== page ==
Marked phylogeographic differentiation of sei whale based on mitochondrial DNA analyses from Northern and Southern Hemisphere populations
Maria Jose Perez-Alvarez, Francisca Rodriguez, Sebastian Kraft, Carlos Olavarria, C. Scott Baker, Debbie Steel, Naoka Funahashi, Verena Haussermann, Mauricio Ulloa, Camilo Naretto and Elie Poulin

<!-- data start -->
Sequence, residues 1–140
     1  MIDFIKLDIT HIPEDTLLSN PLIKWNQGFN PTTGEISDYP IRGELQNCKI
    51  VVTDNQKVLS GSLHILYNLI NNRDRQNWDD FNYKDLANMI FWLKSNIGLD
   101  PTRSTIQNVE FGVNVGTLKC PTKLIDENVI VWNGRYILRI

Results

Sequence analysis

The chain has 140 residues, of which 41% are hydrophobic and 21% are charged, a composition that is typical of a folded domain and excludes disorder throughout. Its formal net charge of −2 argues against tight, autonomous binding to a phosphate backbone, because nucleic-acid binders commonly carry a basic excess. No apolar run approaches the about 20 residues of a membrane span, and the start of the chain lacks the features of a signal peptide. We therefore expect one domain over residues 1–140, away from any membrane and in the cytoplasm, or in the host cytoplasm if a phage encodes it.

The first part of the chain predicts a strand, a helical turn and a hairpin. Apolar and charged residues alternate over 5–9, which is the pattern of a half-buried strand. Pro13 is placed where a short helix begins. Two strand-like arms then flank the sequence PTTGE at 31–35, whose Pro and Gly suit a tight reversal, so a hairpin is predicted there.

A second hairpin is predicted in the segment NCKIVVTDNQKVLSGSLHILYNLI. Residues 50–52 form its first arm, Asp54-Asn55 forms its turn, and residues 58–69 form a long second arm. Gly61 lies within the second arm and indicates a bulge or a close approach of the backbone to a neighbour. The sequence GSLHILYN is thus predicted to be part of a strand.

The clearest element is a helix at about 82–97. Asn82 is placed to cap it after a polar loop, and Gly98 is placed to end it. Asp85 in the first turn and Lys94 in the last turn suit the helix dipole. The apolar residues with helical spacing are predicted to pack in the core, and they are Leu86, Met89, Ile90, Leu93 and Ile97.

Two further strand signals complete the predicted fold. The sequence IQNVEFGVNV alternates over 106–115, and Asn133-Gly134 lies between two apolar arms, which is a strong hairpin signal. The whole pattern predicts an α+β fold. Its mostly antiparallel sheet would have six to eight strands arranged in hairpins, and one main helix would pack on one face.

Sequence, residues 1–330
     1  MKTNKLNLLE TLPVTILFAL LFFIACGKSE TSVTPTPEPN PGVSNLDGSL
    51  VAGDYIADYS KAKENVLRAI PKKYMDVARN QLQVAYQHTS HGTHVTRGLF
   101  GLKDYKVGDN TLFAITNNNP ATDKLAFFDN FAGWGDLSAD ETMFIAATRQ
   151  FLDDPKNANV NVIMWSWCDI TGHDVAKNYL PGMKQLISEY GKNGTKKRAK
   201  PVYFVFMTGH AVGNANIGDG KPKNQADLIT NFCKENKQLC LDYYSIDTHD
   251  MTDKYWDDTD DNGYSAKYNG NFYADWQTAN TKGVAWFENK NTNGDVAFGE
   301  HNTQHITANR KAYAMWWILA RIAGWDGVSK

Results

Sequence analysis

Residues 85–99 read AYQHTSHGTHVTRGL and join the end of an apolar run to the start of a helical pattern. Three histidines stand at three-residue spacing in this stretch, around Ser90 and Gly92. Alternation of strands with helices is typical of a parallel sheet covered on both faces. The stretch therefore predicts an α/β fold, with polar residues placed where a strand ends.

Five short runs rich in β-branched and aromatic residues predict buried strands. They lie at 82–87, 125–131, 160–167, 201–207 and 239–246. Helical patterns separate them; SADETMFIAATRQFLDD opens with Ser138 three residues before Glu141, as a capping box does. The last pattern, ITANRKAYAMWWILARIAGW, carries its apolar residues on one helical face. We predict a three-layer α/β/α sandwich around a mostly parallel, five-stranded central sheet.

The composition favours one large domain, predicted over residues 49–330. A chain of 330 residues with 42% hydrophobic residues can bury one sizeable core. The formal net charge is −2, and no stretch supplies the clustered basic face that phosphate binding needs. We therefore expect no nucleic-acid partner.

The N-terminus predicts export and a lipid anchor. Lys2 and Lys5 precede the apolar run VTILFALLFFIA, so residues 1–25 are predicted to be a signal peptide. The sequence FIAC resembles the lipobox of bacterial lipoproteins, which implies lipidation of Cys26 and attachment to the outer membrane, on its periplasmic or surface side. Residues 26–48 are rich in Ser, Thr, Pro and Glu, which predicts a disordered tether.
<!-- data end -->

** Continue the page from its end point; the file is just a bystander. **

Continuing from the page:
The sei whale, Balaenoptera borealis, presents a disjointed geographic distribution, with populations that are separated either by continental landmass, as in the Northern Hemisphere, or by the Intertropical Convergence Zone between hemispheres. Such distribution, together with patterns of seasonal migration, could result in strong phylogeographic structure. Significant genetic divergence between sei whale from the North Atlantic and North Pacific Oceans has been reported, however, limited samples from the Southern Hemisphere precluded a global analysis. The largest whale mass mortality event ever recorded for this species occurred in southern Chile, with at least 340 dead whales. This has become the largest source of samples for the species in the SH. Here we evaluate the population structure between sei whale populations, comparing the North Pacific n = 27, the North Atlantic n = 86 and the Southern Hemisphere (n = 91, including 79 bones from the Chile mass mortality, n = 16 reported previously as Ã¢â‚¬Å“Southern hemisphereÃ¢â‚¬Â and n= 2 reported previously for South Atlantic), and the South Atlantic (n = 2). At a local level, mitochondrial DNA control region analyses from South Pacific recovered 32 haplotypes, eighteen of which are shared by two or more individuals. High values of haplotype diversity (h = 0.97) and nucleotide diversity (Ãâ‚¬ = 0,95%) were found. At a global scale, phylogeographic analyses showed a strong genetic differentiation between the Southern Hemisphere and both North Atlantic (Ã¯Ââ€ ST = 0.69, p = 0.001) and North Pacific (Ã¯Ââ€ ST = 0.32 p = 0.001), and a possible migration event from South Pacific to North Atlantic. Together with other recent studies, our results point to a marked phylogeographic differentiation among sei whale in the North Pacific, North Atlantic and Southern Hemisphere, which reflect the existence of three major population units. These results need to be complemented by more samples from other locations within the Southern Hemisphere and the use of nuclear markers.